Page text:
looove  totems  eye  ~to:retag  *Category:history 
february 2012 by tealtan
Object memory on Vimeo
“‘This trade’, he said, ‘was not the trade as you Europeans know it. Not the business of buying and selling for profit! Our people’s trade was always symmetrical.’

Aboriginals, in general, had the idea that all ‘goods’ were potentially malign and would work against their possessors unless they were forever in motion. The ‘goods’ did not have to be edible, or useful. People liked nothing better than to barter useless things - or things they could supply for themselves: feathers, sacred objects, belts of human hair.

‘Trade goods’, he continued, should be seen rather as the bargining counters of a gigantic game, in which the whole continent was the gaming board and all its inhabitants players. ‘Goods’ were tokens of intent: to trade again, meet again, fix frontiers, intermarry, sing, dance, share resources and share ideas.”

With Bruce Chatwins quote as a starting point, a group of friends got together to explore storytelling through the trading of objects…"
stories  things  possessions  brucechatwins  totems  tokens  richardhouguez  2011  objectmemory  memory  storytelling  trade  trading  objects 
february 2012 by robertogreco
Animal Projects - multimedia use as welll
multimedia  totems  animals  kids  project 
january 2012 by khawkey
Kombolói: An Anti-Anxiety Device | Near Future Laboratory
"This is a quick, quick sketch for an idea I had for a intimate personable device that is best described as a digital worry bead or Kombolói — not so much a worry bead as something to capture and diffuse your anxiety. It works by capacitively linking your tension through a unique capacitive touch sensor and then harnessing that energy, turning it into light and then diffusing it into more soothing energy."

"This of course yet another mechanism through which I am exploring how Touch, Motion and Time can become the basis for experiencing different sorts of interactive experiences. My conceit is that these are elemental forms of human experience that are largely dismissed in the digital era, but they are crucial and distinct aspects of how we humans experience and make sense of the world around us."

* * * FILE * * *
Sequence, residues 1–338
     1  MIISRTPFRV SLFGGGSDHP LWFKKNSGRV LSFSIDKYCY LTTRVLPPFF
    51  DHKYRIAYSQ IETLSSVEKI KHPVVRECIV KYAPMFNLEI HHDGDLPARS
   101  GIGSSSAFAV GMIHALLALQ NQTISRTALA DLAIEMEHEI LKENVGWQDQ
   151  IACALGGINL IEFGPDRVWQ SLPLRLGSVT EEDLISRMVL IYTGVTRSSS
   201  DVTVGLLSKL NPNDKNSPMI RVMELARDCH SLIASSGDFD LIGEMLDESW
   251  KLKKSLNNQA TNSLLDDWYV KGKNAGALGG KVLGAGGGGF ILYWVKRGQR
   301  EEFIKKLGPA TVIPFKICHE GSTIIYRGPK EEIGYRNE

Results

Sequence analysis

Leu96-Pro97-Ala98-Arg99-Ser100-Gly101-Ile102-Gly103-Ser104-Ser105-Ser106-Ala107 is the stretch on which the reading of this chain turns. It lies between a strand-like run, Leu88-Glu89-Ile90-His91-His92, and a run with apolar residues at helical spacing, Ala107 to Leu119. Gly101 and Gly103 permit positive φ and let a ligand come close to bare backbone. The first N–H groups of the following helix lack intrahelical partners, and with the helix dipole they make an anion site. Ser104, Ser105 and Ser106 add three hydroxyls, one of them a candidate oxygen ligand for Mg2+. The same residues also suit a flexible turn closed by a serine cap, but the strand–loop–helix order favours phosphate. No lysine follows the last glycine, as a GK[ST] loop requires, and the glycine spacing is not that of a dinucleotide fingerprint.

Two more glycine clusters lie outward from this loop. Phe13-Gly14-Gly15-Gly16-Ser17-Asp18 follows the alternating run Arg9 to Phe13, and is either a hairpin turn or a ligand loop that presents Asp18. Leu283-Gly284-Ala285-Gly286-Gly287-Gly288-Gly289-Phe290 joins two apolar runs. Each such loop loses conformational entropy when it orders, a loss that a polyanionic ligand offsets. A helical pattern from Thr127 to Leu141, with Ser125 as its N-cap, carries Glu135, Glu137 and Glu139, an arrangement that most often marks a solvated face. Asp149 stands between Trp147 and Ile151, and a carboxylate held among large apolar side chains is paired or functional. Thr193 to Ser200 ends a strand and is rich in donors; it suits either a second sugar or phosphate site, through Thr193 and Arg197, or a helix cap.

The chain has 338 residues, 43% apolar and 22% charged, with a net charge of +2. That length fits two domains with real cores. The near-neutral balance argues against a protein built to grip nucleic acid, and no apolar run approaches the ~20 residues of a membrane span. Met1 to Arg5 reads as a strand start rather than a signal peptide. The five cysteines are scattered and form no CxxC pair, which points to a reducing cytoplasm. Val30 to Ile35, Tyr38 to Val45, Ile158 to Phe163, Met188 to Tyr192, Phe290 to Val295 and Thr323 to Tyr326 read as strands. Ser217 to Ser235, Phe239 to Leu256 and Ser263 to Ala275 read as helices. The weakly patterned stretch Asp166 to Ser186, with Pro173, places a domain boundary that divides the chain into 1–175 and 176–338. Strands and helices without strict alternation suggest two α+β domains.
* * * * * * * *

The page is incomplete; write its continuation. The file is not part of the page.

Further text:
"For communication to the data network, I am thinking about a color-based semaphore system using the built-in camera that many computers come with. The idea is that a simple color sequence can relay certain information could encode the state of the device which could be interpreted by a simple Processing sketch or something."
prototyping  totems  ~to:retag  *Category:design 
january 2012 by tealtan
…My heart’s in Accra » Social lions, fiscally-literate mobile phones
"Rather than scoring the children on good or bad types of interaction, the device characterizes a user as one of nine animals: Lions are very diverse and very intense in their interactions. Their opposites are Polar Bears, who interact infrequently and briefly. Users can change roles over time – the device vibrates when your state changes, but you can only see what role you’ve taken on by “mating” your device with another person’s device, giving the opportunity for conversation and interaction. For “complementary” roles, the animal icons will glow gold."

Love this. Reminds me of His Dark Materials and people's daemons.

"Called current.c, the system lets users make budgets that are available visually on the card, showing how much one has spent towards each month budget, and lets them monitor their spending, assigning funds from one budget to another in the case of an impulse purchase. The card continuously monitors progress towards larger spending goals. The system doesn’t nag or mother – it just shows the current situation in a powerful visual way."

An automated envelope budgeting system.
totems  money  ~to:retag  *Category:education 
january 2012 by tealtan
Ethan Zuckerman writes* about a project from the... - robertogreco {tumblr}
These fidget tools allow students an outlet for physical energy in an environment that too often has them sitting still and being quiet. (I won’t get started on that here.) They also serve to release tension generated through their social interactions as well as other anxieties. Most of the time, students’ engagement with their fidget tools comes without conscious effort. So, if students were provided with a fidget tool in the form of a Kombolói device that recorded the time and intensity of their fidgeting, that information could then be mapped to their experiences throughout the day providing them with a better idea of what is creating their need for a release. More general patterns might appear when reviewing the data mapped to the
totems  ~to:retag  *Category:education 
january 2012 by tealtan